Once scientists have enough seed from a single promising parent they plant rows of that variety in several different locations to conduct yield evaluations. These are usually done for two years in the state and another two years regionally before these varieties are released to farmers, Orf says. "We need to do it over several years because we don't know what the weather conditions are going to be like once a variety comes out," he says. "Looking at data from just one year is not going to give you a reliable estimate of how it's going to do over several years. We try to pick those breeding lines that perform at the top for several years in a row."
During the past six or seven years, Nelson and colleagues have released about 15 soybean lines, each with a genetic contribution from an exotic variety ranging from 25 percent to 100 percent. The yield of these varieties is comparable to commercially available lines, however, they aren't yet ready for farmers to use. Rather, these lines become available for breeders like Orf to use as parents.
Orf and colleagues recently released two higher yielding varieties suitable for central and southern Minnesota. The improved performance of these plants is in part due to pest-resistance traits; one variety carries resistance to a fungus called Phytophthora, which causes root rot, while the other is resistant to soybean cyst nematode, which is the single most damaging soybean pest in the United States. Limited quantities of this seed should be available to farmers for the first time this spring, Orf says.
Likewise, Pioneer Hi-Bred International Inc., a DuPont Co. business, focused on developing and commercializing advanced plant genetics, recently announced that the company would introduce five high-yielding varieties for spring planting pending final trial results. These new choices for farmers stem from an advanced molecular breeding technology developed by Pioneer called Accelerated Yield Technology. The technique allows researchers to identify genes associated with high yields and focus development efforts on lines that have those genes. "Full implementation of AYT combined with molecular breeding technologies will enable Pioneer to make a new class of soybeans that has unprecedented yield potential relative to anything we have ever seen," says William Niebur, vice president of DuPont Crop Genetics Research and Development.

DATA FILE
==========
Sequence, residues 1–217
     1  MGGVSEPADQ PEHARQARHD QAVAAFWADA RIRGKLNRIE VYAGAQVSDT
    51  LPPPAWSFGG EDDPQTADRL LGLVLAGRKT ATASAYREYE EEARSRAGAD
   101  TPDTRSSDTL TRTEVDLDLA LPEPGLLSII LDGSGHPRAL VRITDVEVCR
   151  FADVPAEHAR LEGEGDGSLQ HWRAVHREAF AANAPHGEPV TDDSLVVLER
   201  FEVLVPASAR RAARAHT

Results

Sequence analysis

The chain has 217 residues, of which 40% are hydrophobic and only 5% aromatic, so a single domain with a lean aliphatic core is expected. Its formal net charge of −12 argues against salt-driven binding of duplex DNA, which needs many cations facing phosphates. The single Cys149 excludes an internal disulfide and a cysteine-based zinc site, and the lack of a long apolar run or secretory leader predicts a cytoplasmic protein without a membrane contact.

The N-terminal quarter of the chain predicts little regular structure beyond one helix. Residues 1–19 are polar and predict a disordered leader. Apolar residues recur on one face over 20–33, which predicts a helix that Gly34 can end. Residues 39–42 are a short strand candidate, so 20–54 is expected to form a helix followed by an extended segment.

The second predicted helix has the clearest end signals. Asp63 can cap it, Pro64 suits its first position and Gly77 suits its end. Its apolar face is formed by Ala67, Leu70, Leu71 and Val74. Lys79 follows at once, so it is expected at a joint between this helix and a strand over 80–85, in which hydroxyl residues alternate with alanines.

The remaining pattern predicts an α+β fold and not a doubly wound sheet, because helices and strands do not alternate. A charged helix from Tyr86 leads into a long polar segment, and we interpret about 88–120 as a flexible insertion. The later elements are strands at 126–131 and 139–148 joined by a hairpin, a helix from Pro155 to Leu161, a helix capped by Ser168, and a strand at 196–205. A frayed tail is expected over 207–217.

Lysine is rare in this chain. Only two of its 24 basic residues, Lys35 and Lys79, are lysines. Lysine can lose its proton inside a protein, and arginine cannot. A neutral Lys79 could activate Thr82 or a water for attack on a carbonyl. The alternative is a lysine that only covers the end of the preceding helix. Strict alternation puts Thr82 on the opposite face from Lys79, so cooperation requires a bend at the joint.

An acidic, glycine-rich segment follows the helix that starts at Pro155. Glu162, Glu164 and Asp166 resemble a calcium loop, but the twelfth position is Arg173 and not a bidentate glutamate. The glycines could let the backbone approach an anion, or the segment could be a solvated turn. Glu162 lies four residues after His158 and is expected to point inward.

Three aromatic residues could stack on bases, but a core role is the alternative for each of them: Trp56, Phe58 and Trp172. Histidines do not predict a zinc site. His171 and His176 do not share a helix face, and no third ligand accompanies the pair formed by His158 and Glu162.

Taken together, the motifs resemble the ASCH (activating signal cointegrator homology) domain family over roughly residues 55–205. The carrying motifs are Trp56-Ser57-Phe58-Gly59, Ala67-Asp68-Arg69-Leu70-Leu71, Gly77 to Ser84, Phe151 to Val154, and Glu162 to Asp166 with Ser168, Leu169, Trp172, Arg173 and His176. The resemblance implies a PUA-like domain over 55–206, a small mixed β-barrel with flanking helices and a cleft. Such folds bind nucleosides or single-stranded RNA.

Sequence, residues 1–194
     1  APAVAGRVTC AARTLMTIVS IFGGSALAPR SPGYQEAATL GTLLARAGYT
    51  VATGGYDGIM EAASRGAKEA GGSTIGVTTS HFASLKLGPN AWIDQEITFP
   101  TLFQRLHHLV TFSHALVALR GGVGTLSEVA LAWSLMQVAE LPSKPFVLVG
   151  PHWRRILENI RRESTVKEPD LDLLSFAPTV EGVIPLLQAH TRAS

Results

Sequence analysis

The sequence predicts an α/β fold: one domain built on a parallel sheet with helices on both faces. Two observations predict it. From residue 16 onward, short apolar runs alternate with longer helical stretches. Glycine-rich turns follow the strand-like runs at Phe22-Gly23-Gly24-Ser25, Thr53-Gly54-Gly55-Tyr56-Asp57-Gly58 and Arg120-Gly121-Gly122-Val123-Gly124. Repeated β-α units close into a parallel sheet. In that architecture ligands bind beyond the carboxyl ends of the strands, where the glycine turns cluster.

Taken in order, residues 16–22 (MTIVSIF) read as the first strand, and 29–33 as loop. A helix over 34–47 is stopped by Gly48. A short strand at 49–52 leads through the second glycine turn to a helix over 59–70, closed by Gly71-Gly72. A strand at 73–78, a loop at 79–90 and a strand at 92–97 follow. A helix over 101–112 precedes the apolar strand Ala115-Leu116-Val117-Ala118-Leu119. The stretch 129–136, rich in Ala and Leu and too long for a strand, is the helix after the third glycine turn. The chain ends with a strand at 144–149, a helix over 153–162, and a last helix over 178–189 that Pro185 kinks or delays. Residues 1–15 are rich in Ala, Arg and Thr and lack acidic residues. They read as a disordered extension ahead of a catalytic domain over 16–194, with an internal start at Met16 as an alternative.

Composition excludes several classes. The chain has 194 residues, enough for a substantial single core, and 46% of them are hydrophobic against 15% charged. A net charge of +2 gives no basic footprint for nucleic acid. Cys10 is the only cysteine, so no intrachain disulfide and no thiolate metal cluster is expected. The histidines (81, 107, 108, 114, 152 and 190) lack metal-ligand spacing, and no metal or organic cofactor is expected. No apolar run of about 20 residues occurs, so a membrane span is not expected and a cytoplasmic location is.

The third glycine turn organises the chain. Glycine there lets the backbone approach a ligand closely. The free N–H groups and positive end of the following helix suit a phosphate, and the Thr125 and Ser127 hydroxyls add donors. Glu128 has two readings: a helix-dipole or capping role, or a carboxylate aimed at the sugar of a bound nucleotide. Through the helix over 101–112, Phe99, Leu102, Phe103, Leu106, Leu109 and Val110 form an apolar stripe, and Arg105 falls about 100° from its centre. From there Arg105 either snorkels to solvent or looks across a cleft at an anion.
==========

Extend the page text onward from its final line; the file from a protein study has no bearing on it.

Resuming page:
The first variety that the company hopes to introduce to farmers this year is an AYT version of the Pioneer brand 94M80, which set the world record soybean yield of 139 bushels per acre in 2006. "These technologies allow us to incorporate a complete package of offensive and defensive characteristics that could make 100-plus bushel soybean yields a common occurrence in the very near future," Niebur says.